UPDATE: Since many on the lunatic Left deem it appropriate to cite this piece and claim it means I didn't vote for the President, I want to direct readers to an update: Barak Obama, a cautious endorsement, published four months after this article, after which I of course went on to vote for the man who is now president. You may also explore this site to see how President Obama has earned my trust.
Obama recently made a very pointed decision about the LGBT community - that he wouldn't take renowned anti-gay pastor Donnie McClurkin off his gospel tour across the south, despite repeated warnings of McClurkin's feelings about gays, who ended up telling the crowd from Obama's campaign platform that "God delivered" him from homosexuality. Nice. By the way, if you want to know more about the flap, start with this open letter from "pastordan" on Daily Kos, and do a Google or Yahoo news search on "Obama McClurkin anti-gay." Obama made a decision to pander to some in the African American religious community in order to surrender his principled support for equal rights for all Americans, regardless of their sexual orientation or gender identity. So I made a decision too. And I wrote to the Obama campaign telling them my decision. Here is the letter, verbatim:
Dear Sen. Obama:Lest you think this is because I was personally offended as a gay man, you are right. But it wasn't only because of that that I made this decision. I draw the line in the sand when politicians pander to any group and sacrifice their stated goals of equal dignity under law and associate themselves, willingly, with known bigots of any kind, be they racists, sexists or homophobes. This is such a line. Obama has crossed it. Good riddance, Barack Obama.
I am writing you today with a heavy heart. But I am not writing you with a request, or even a demand. I am writing you today to inform you of a decision that I made as a citizen and a voter. I am a proud Democratic activist. I am also gay. I'm 24, and an American of Indian descent. There was a point in time when your message against homophobia in African American churches was inspiring. Painfully, however, that lasted only until your political fortunes gave you wind of another reality: that the rift between the African American religious community and the LGBT community could be exploited for your political gain. You went on tour with Rev. Donnie McClurkin, a known homophobic activist, who declared on YOUR campaign stage, "God delivered me from homosexuality."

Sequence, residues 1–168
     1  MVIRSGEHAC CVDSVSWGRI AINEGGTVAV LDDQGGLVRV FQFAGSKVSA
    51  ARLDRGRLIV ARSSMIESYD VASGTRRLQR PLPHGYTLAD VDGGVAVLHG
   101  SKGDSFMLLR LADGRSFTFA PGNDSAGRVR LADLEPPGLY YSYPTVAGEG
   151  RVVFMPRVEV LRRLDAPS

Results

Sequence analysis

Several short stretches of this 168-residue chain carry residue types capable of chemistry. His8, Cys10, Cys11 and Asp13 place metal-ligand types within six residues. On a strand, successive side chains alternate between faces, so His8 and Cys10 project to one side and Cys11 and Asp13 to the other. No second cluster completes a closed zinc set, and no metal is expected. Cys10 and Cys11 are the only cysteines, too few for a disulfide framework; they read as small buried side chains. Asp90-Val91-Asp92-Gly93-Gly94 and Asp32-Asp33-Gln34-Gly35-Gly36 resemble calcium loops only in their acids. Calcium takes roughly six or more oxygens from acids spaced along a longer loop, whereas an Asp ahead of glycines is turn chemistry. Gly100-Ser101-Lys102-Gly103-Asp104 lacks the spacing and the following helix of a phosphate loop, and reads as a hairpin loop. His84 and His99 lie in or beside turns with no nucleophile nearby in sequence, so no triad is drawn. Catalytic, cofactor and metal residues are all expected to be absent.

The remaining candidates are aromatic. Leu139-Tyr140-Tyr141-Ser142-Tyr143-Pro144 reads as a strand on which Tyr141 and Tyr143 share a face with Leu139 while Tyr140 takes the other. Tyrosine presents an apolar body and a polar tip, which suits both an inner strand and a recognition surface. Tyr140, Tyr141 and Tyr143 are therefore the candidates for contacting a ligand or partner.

This culmination came after you rejected calls from the gay, lesbian, bisexual and transgender communities and proponents of tolerance from all walks of life to take Rev. McClurkin off your campaign tour. I believe your actions to be pure political pandering. You believed that pandering to the homophobia that exists in certain corners of the African American religious community would net you more votes than you would lose in LGBT support from this act. Perhaps that is true, perhaps that is false. But that is NOT right. You choose to open our wounds instead of choosing to bringing us together. Bringing a homophobic person on stage with a gay pastor does not help the situation. If your message was unification and tolerance, you have utterly failed to deliver it. You should have chosen African American religious leaders who rejected homophobia and rejected anyone that espoused it. You did not just offend me politically. You didn't even just offend me. You hurt me. You hurt me at a very personal level. At a time when the California NAACP is fighting in the California state legislature to pass marriage equality into law and standing side by side with the LGBT community, at a time when black religious leaders are denouncing homophobia in increasing numbers, the person you, the most prominent African American politician in the country, chose to headline your gospel tour is not someone who fights on the side of justice but on the side of homophobia.
You say that while you disagree with McClurkin's position, you would not exclude him because many African Americans believe the same as he does. Well, isn't your job as a leader to lead for justice and against those bigotries? That is a pathetic excuse, Senator, and you know it. You are trying to claim that a big tent has to include bigotry, and that is preposterous. And so, I have come to a decision. And that decision is that I cannot vote for you, and not just in the Democratic primary. I cannot vote for you in the general election either - even if you become the Democratic nominee for President. I cannot - I will not - support a candidate who knowingly promotes a homophobic religious figure on his campaign platform.